Dr Davis said: “At a time when public sector finances are under increasing pressure, crowdfunding – still mistakenly seen as being just another form of charitable giving – has the potential to offer this radical alternative via an investment-based business model that generates social, environmental and economic returns.

“This report provides a helpful guide to encourage public sector bodies to unlock the potential of crowdfunding, and in turn start to create a better, more sustainable world by disrupting habitual uses of money.”

The three local authority case studies provided scope to test investment-based crowdfunding against a range of projects and delivery models. Bristol City Council and Leeds City Council case studies focused on low carbon infrastructure. The Isle of Wight Council case study focused on new build developments and redevelopments of existing sites that play a role in the council-led ‘Isle of Opportunity’ regeneration programme.

Based on the results of the study, Bristol, Leeds and Isle of Wight are continuing to explore the piloting of crowdfunding.

Tom Knowland, Head of Sustainable Energy and Climate Change for Leeds City Council, said: “Now it’s simple to administer through the internet, investment-based crowdfunding is a respectable option, alongside the Public Works Loan Board.”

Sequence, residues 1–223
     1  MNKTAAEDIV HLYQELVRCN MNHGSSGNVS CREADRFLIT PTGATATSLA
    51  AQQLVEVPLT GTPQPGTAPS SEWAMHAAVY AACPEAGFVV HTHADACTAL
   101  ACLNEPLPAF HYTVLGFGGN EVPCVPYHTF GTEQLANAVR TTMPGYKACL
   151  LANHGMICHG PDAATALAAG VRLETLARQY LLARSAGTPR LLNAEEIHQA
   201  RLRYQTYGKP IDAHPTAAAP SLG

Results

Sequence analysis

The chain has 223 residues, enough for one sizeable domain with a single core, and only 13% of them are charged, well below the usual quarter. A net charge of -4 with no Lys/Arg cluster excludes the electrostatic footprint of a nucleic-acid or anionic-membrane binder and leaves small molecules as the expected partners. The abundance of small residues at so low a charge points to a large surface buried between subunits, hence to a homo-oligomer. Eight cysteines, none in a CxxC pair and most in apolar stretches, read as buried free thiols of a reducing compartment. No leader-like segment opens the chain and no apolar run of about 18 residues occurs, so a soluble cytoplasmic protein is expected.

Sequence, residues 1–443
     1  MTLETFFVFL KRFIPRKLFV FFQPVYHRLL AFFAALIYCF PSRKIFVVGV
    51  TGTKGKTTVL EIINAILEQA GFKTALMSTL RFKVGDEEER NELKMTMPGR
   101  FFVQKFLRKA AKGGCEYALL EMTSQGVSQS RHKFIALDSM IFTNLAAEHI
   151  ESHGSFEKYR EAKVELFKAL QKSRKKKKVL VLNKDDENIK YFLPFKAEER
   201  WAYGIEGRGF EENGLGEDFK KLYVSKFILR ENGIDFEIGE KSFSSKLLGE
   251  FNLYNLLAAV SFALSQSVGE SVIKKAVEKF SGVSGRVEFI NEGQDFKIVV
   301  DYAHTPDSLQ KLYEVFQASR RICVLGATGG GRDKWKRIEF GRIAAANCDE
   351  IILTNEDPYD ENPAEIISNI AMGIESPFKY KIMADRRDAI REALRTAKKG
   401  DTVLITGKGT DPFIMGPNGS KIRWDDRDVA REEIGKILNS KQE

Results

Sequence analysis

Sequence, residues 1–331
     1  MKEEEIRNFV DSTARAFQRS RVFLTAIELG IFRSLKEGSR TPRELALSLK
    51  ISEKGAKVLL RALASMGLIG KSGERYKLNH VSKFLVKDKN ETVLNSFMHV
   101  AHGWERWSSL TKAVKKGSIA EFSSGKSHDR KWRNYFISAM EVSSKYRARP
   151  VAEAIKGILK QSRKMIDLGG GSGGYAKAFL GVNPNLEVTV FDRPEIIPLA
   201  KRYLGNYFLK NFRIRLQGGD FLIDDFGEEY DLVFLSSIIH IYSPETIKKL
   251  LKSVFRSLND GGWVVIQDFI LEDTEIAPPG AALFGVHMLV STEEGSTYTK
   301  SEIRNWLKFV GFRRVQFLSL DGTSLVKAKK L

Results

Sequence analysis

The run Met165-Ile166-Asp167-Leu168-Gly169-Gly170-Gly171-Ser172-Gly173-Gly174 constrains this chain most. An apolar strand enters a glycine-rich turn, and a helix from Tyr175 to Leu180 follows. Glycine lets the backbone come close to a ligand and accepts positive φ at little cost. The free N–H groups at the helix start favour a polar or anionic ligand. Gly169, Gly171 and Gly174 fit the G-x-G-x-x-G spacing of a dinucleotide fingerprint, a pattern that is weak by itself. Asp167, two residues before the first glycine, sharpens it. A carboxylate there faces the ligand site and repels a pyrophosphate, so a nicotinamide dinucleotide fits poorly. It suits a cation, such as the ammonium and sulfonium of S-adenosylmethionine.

Richard Lowe, City Leap Programme Manager at Bristol City Council, said: “What started out as a relatively straightforward project to see whether crowdfunding could be used to finance energy efficiency projects, ended up delving deep into the legal and financial mechanisms to best deliver a crowdfunding offer via a municipal bond.”

And Jim Fawcett, principal officer for Low Carbon Projects at Isle of Wight Council, said: “If the outcome is to identify a range of secure investments that are open to a lot more local people to invest small amounts of money, and give them a better return than they’re getting from their savings accounts, and that led to some social good, then I think that’s a great result for everybody.”

The report concludes that the potential take-up of investment-based crowdfunding could be very high. The crowdfunding market itself is growing rapidly.